Suppose that we live in The Kingdom. Our wise king hires a treasurer — to mint coins, balance the Kingdom's budget, raise revenue, borrow funds cheaply, and all of the other Boring, but Practical essentials of keeping the Kingdom running. Our treasurer does an exemplary job.
Then The Usurper comes, murders the king, and converts our kingdom into The Empire, with the requisite torture chambers, Gladiator Games, and all that. The Usurper realizes, though, that in addition to torturers, he still needs a treasurer — and no one has proven himself more capable than the old treasurer from his predecessor's days, so the treasurer stays on, and continues minting coins, accounting for funds, and all that.
Eventually, La Résistance overthrows The Empire, and introducing democracy and creating The Federation. Elections are held, delegates are sent to the parliament, a president is elected — and someone still needs to run the treasury. Who is better qualified to handle the shaky finances of the newborn federation than the experienced elder statesman who served the old king and the usurper, our old treasurer? The treasurer holds onto his job, as always, and continues doing an excellent job of keeping finances in order.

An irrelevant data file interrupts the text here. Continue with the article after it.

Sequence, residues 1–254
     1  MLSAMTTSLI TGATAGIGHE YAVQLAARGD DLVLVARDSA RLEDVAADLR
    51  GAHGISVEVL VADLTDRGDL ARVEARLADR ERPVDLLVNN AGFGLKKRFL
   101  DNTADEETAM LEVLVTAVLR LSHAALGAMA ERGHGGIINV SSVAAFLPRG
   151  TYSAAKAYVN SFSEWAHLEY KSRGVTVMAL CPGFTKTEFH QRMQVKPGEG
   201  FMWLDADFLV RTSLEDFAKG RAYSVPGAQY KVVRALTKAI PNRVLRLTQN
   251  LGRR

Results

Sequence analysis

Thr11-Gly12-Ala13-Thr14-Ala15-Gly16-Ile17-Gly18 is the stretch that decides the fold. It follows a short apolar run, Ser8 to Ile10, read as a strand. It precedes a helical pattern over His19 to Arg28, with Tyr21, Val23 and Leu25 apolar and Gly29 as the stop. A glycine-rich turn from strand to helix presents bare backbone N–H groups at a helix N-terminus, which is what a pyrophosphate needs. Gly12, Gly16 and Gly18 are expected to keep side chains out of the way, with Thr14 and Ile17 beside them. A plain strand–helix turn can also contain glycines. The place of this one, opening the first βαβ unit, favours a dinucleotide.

A character who is Loyal to the Position is adept at surviving Regime Change with position intact. It is possible that he is simply very adaptable, or possible that he has Ultimate Job Security or Vetinari Job Security. This character is not necessarily The Quisling, or lacking principles. It is possible that the Position Loyalist regards himself as above the fray of factionalism, and would describe himself as "loyal to the kingdom, not the king." He might regard keeping the practical aspects of the state functioning as far more constructive and beneficial to the populace than involving himself with factional loyalties — and he could be right.